El Mercado Central reminded me of one of the central markets I have seen on international travel shows. Crowded with exotic choices. When I entered, I was in the midst of a crowd moving forward. Wanting to take a bird’s eye view photo, I lifted my arms above my head and with my camera in my hands, I started taking photos. If this doesn’t scream potential tourist, I don’t know what would. Actually, I do. It would be a map and a fanny pack. Queue “National Lampoon’s Vacation.”
I was focused on observing and less on actually purchasing items. I was here on one of the weekly activities the study abroad program offered. They said, would anyone like to take a public bus to the central market. Yes!?!?! So, let me backtrack to the public bus ride. From the international program office, we walked to the bus station which actually, was a lot farther than what we expected. The sun beat down on us, and yes, I was wearing a black hoodie. I suppose you could ask, why wear a black hoodie? Because I wanted to. Simple. I thought it was a good idea, okay. We stopped at the bus stop, and, to be honest, there were so many people in the group, we didn’t really fit around the bus stop. Some of us had one foot on a stair that entered a store right in front of the bus stop. I opened my wallet to get exact change for the bus ride because I didn’t want to have to get change. When we entered the bus, my objective was to get a seat. I did not want to be standing up. I went all the way to the back of the bus and sat near the window. Great, except, wind blew on me the whole bus ride and I could smell the smoke coming from the cars because the window was open. There was no air conditioning, so, the windows being open was vital.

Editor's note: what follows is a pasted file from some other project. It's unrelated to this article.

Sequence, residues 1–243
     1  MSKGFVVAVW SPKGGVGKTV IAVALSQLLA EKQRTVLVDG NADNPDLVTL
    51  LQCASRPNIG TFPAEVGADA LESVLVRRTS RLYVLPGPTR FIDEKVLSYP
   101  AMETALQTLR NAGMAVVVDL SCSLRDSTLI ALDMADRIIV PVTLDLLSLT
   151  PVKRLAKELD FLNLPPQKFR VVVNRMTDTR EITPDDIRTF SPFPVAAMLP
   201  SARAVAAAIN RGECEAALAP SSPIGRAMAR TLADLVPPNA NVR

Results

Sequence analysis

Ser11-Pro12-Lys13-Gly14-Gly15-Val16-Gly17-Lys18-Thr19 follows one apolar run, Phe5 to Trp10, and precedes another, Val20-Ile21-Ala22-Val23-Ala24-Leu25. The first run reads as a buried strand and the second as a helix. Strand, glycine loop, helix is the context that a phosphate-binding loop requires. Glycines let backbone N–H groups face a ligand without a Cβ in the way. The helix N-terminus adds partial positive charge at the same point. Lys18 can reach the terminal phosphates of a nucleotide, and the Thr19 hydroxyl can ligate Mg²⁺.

I just looked out the window the whole bus ride. Didn’t talk to anyone. Sat there observing the people and the places we passed by.
The bus ride took about 30 minutes. We arrived at a bus station and walked to the central market. There were foods I had never seen before and just color. Color everywhere.
There came a point where we all stopped and I wasn’t sure why. Turns out it was wait to use the bathroom. In that time I took photos and asked about the wide variety of beans that were in bags near me.
Once we left roofed portion of the central market, we walked outside where we were a spectacle to the locals. I stopped at this table that had a fruit called guanabana which apparently is very good, but also, very costly. I asked the vendor how long this fruit would last before becoming rotten. For instance, if I wanted to take it back home, how long could the fruit last without refrigeration. She ensured me that a plane ride would be fine, but, that wouldn’t be weeks from now, so, I thanked her and left without purchasing anything.
As we were leaving the market, I local looked at our group and pointing out people who looked American and non-American. Funny enough, one of the students who is from the US but whose family is from Central America was not recognized as an American. We arrived at the bus station once more and went on a public bus. I sat next to a local around my age and we talked the whole bus ride. Wherever you go, you may fit in or stick out like a sore thumb. Sometimes, not even being in a crowd may help with this. Regardless, know where you are going, walk confidently, and don’t be afraid to talk to new people.